Drug Causes Mood Swings, Impulsive Behaviour, Montreal Research Shows
Users of cocaine and amphetamines are twice as likely to attempt
suicide than other people who inject drugs, a new study from the
Universite de Montreal has found.
The study, published in the Nov. 26 issue of the journal Drug and
Alcohol Dependence, followed the users of injectable drugs over a
seven-year period. The users answered questionnaires twice a year.
The study found that users of cocaine and amphetamines were roughly
twice as likely to attempt suicide than users of opiates,
sedative-hypnotics, cannabis and alcohol.
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WHILE MDS QUESTION IF MEDICAL MARIJUANA IS THE RIGHT PRESCRIPTION,
WINDSOR TO HOST CANNABIS CLINIC
Dr. Tony Hammer treats drug addicts and people seeking pain relief -
the latter sometimes feeding the former - but don't expect him to jump
aboard the medical marijuana bandwagon.
"I am utterly incapable of distinguishing between those who need it
and those who enjoy it," said Hammer. He's convinced most of the tens
of thousands of Canadians prescribed medical marijuana are instead
using it "recreationally."
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As a physician working on the front lines of addiction treatment and
research in Baltimore, I read Lisa Lowe's recent op-ed with great
interest but also with some perplexity ("Addiction services needed
more than statistics," Dec. 18).
I share Ms. Lowe's frustration with the difficulty that many patients
and families - especially those with private insurance - have
accessing affordable addiction treatment and transitional housing.
However, despite her impassioned advocacy for "evidence-based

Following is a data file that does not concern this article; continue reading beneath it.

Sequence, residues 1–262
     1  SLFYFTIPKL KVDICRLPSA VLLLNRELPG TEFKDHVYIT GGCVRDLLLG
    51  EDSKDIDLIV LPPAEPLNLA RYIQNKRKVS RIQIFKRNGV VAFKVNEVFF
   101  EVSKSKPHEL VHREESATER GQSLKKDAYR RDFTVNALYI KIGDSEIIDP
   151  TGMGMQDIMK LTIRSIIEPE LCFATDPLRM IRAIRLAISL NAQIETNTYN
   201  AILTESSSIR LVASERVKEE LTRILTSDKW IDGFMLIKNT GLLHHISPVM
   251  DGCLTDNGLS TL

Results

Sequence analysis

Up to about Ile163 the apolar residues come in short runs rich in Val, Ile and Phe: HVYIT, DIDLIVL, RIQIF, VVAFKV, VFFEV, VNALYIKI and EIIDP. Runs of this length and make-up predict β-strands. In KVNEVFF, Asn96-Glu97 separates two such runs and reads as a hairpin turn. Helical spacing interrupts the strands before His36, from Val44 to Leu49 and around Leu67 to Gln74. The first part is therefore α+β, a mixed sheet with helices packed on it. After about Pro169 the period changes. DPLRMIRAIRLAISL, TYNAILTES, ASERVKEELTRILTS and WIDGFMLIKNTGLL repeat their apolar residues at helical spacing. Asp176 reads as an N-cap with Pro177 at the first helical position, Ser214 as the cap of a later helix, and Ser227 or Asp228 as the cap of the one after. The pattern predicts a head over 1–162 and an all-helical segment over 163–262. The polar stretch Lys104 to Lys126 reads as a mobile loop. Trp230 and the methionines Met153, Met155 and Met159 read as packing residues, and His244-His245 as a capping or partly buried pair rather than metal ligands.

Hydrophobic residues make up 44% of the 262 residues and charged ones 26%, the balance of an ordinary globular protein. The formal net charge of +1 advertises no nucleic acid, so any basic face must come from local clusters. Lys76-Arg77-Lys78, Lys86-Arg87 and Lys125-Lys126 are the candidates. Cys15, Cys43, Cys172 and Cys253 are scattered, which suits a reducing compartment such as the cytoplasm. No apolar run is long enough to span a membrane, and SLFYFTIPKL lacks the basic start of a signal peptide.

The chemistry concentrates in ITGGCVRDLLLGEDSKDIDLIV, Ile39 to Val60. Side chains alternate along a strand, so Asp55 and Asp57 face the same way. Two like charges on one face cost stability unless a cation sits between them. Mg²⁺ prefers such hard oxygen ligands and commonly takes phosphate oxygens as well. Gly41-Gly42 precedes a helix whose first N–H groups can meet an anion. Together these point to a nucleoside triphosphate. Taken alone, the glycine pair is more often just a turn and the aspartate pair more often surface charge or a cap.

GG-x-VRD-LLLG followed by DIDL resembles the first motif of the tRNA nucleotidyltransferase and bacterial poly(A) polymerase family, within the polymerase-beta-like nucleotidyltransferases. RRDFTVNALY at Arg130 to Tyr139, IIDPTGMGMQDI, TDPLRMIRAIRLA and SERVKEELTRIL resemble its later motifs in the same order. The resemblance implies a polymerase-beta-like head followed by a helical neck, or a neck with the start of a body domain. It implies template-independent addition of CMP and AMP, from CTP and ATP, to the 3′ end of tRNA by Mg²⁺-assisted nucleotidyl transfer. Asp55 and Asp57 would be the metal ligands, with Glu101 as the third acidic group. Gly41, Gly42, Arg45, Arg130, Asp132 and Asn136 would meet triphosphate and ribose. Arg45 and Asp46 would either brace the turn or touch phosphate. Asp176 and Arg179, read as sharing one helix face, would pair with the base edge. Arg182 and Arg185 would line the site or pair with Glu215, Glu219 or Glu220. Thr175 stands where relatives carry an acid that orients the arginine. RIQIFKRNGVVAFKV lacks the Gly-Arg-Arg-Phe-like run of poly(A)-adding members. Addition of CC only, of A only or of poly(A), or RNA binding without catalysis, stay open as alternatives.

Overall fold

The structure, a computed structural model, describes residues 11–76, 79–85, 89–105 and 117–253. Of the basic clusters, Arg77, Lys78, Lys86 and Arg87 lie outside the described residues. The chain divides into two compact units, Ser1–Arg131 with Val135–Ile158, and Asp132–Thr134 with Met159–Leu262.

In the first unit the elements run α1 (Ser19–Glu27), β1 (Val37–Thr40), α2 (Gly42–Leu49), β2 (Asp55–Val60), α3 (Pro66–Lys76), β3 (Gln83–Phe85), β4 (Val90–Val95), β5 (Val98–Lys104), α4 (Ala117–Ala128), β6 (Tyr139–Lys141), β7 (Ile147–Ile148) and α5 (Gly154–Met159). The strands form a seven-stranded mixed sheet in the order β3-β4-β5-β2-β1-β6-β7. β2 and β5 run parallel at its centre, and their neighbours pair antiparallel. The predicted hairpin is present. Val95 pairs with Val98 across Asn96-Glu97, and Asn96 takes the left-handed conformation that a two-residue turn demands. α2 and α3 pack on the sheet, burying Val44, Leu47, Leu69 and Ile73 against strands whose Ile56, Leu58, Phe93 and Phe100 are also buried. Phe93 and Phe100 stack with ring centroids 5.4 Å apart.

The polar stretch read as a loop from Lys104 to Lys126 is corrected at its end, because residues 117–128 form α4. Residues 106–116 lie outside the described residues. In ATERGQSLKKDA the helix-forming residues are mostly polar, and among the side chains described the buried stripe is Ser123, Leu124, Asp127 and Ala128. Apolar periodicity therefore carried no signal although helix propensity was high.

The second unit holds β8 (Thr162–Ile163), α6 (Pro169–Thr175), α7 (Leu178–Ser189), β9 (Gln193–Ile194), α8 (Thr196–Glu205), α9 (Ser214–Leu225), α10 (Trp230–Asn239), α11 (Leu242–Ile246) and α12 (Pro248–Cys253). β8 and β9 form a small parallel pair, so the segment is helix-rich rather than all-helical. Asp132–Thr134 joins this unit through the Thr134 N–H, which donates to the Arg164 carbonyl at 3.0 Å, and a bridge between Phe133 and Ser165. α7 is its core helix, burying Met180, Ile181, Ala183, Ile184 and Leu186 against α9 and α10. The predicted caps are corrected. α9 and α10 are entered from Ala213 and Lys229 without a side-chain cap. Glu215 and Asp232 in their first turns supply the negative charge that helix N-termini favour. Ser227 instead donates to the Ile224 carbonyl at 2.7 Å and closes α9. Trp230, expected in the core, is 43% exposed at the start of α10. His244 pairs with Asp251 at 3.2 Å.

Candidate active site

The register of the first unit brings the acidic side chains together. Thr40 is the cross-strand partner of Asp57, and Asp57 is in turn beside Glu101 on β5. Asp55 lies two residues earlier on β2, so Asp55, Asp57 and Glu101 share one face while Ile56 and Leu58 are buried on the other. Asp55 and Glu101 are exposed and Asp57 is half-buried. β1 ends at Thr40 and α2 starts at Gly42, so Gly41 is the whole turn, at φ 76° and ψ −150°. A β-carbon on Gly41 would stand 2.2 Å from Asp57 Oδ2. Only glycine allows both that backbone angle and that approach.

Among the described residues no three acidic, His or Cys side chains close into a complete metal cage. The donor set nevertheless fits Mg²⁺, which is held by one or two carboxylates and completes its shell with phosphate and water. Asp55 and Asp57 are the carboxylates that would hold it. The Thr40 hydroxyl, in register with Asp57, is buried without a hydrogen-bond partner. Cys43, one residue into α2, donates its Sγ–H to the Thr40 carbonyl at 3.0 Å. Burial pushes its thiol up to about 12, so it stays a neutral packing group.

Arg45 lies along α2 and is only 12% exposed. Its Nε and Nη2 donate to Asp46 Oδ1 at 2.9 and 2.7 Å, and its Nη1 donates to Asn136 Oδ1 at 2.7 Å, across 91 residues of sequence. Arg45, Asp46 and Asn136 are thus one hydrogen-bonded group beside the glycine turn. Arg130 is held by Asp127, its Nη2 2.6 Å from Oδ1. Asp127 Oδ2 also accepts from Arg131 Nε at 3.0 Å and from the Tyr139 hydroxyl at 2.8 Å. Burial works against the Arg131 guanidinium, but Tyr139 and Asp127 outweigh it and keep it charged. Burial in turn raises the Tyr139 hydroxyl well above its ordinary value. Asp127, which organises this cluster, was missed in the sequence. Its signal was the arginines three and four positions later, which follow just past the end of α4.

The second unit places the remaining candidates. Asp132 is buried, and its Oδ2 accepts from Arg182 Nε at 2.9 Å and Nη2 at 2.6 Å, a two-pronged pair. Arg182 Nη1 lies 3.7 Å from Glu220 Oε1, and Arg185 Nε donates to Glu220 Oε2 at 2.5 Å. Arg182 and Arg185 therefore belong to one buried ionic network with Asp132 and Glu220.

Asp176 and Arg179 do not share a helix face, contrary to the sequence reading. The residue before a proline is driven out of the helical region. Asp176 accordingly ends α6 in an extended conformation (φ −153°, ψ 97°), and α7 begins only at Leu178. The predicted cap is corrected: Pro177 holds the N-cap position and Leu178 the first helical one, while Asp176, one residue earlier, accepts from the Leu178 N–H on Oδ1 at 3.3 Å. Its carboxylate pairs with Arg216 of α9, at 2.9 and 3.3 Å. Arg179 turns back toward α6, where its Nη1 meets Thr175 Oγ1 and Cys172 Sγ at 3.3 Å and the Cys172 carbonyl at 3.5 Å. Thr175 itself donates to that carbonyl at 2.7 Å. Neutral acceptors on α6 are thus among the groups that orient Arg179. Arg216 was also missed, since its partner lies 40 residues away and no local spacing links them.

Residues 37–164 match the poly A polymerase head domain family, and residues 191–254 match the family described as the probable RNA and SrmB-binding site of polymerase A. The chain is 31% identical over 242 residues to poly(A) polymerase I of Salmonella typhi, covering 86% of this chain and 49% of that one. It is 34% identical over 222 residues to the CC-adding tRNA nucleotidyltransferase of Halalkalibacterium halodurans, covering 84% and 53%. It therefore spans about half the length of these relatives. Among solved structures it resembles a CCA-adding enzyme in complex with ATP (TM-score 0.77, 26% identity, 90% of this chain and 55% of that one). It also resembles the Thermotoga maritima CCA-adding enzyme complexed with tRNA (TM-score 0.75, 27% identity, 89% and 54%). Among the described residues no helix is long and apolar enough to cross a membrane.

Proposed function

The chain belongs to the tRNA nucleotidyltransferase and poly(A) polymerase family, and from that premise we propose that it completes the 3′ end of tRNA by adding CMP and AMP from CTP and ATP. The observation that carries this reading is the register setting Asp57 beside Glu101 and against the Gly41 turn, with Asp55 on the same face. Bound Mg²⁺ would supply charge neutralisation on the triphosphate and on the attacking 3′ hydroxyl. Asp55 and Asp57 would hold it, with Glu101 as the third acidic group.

best-practice therapies," Ms. Lowe's piece contains misleading and
frankly false information about effective addiction treatments.
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You can read this and say I'm just a dumb stoner and a drug addict,
but to be clear I'm far from stupid and I'm not addicted to anything.
I don't do drugs; I only smoke "cannabis," which isn't addictive.
I've known of the cure for addiction (ibogaine) since July 4, 1998,
when I first met Dana Beal of the "cures-not-wars" organization at a
legalize marijuana protest in Washington D.C. I admit when I first
heard Dana rail on and on about ibogaine I was skeptical. My thoughts
were, if there really were a cure for addictions it would be used
empathetically across America to save lives. Over the years I learned
[continues 927 words]
Legal Narcotics In A Liberal City
THE people queuing up at the Providence Crosstown Clinic are pioneers
of a sort. They are heroin addicts whose habits have resisted
conventional treatment. They hope to become the first in North America
to get their fixes legally as part of a treatment programme rather
than just for a clinical trial. "It's heroin that you know is good,"
says one addict waiting outside, who aspires to join the queue.
Some European countries, including Germany and Switzerland, prescribe
heroin for the most severe cases of addiction. Patients taking heroin
are less likely to use illicit drugs and drop out of treatment than
those who use methadone, a substitute. Vancouver's eagerness to follow
is not surprising. It has long had Canada's most liberal drug
policies, and it has a big problem. Addicts congregate in Downtown